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October 25, 2019
The brain—it only weighs three pounds, and 73% of it is water.
But the remaining 27% is a dynamic computing machine that contains an estimated 100 billion neurons and has the capacity to generate 23 watts of power across synapses while awake.
That system of neural connections is what separates humans from other animals—whose brains often weigh far more. And researchers at McLean Hospital are striving to understand how the molecules that power these circuits work—and how disorders are triggered when something goes awry.
Part of this work involves two neuropeptides that regulate the stress hormone cortisol—pituitary adenylate cyclase-activating polypeptide (PACAP) and corticotropin-releasing factor (CRF). McLean Hospital research focused on these neuropeptides is being supported by a 5-year, $13.5 million grant from the National Institute of Mental Health.
“These are two of the best-understood neuropeptide systems, yet there’s so much left to be done,” said Kerry J. Ressler, MD, PhD, McLean’s chief scientific officer. “Nobody’s really brought to bear today’s powerful neurocircuit and other cutting-edge molecular approaches with the question of how these two molecular systems regulate the stress pathways, how they work in unison, and how they complement or are redundant with each other.”
While Ressler’s lab focuses on these interactions in mice, colleague Sabina Berretta, MD, conducts parallel research with human brains from the Harvard Brain Tissue Resource Center, of which she is the director.
“The assumption that the same neural circuits and functions that we study in mice will directly translate into humans is being challenged,” she said.
“If I see this in a mouse, how will it compare to a human, and if I see this in a human, how do I use the mouse to understand it?”
The work is focused on the amygdala, the almond-shaped cluster of neurons that controls the fight-or-flight response, Ressler explained. He added that there are as many as 15 amygdala subregions with hundreds of different cell types that control not just fear but also addiction, aggression, and hunger.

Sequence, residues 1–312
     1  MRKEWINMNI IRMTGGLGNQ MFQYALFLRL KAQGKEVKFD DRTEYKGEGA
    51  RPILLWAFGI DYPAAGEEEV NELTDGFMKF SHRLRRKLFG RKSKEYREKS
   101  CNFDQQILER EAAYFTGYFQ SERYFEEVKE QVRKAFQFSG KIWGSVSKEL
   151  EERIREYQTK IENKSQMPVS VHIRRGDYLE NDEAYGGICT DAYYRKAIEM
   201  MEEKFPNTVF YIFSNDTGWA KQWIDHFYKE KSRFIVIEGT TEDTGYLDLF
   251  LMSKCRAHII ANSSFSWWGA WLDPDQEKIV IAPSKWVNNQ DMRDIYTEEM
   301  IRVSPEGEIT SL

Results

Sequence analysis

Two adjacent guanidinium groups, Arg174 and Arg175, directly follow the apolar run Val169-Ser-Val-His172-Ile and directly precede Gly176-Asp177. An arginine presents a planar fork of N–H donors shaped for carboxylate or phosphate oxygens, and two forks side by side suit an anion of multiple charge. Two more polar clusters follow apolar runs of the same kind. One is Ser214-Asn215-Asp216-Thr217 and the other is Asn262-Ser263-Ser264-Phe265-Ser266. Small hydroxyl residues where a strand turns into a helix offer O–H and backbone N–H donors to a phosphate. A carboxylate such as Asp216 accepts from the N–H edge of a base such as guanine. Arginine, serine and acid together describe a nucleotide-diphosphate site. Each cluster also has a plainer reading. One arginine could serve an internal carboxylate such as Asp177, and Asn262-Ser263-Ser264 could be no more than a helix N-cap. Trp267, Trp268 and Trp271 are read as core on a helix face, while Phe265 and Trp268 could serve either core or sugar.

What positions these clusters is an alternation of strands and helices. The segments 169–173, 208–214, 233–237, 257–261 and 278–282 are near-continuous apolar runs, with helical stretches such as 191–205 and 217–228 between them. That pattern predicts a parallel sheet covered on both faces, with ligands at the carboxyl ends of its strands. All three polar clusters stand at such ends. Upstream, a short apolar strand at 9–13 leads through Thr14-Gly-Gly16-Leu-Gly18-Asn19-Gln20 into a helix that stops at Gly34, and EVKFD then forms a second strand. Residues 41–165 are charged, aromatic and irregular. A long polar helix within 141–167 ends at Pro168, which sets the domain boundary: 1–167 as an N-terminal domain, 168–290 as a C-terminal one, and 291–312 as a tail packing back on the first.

Using genetic sequencing tools, Ressler’s lab compares different cells with different gene expression profiles and biochemical properties, in effect creating a map where each cell has its own “zip code.” “Using a map metaphor, the early microscopy and histology tools of the past century allowed us to see a region of the brain like an entire continent,” he explained. “Recent molecular tools allow visualization of more discrete and small regions, perhaps at the level of states or counties on a map. Remarkably, the newest molecular tools for cell-level identification provide the ability to know what’s happening at each individual house.”
But the finding of obvious differences between human and rodent brains necessitates further testing of the hypothesis.
“The advantage of using postmortem tissue is you can go down to the cellular and molecular level,” Berretta explained. “So, in that sense we can link the human imaging back to the other projects within the Conte Center by looking at the molecular aspects.”
The process begins with asking whether neurons that express CRF also express PACAP, and, if so, how they interact.
A second component of her research will look at how these molecular systems are changed in donors who had post-traumatic stress disorder (PTSD).
“We finally have the tools, across species, to start understanding the mechanisms of how the emotion circuits are wired and organized.”
“The first layer is where we simply look at expression of these molecules in different neural cells to understand how they interact,” said Berretta. “Where are they expressed in the brain? We need to look at circuits in humans that others will examine in rodents.
“One of the main hypotheses is there is a small group of neurons that express CRF but also are receptors for PACAP. Those are primary suspects in co-regulating the stress response.”
These twin projects are all about correlating responses of humans with those of animals, Ressler explained.
“We can take a postmortem brain, and we can say ‘yes, in PTSD patients there are different gene expression patterns.’ Or we can do human imaging and say ‘yes, people with these biomarkers have this brain activation pattern.’”
“We finally have the tools, across species, to start understanding the mechanisms of how the emotion circuits are wired and organized in the amygdala in a way that gives us real precision in understanding how they’re regulated with stress. Such progress could have profound effects on our ability to identify novel targets for treatment and intervention in PTSD, depression, and other stress-related disorders.”
The Brain Bank operates 24 hours a day, 365 days a year collecting postmortem human brain tissue that is used worldwide for research on psychiatric and neurodegenerative disorders.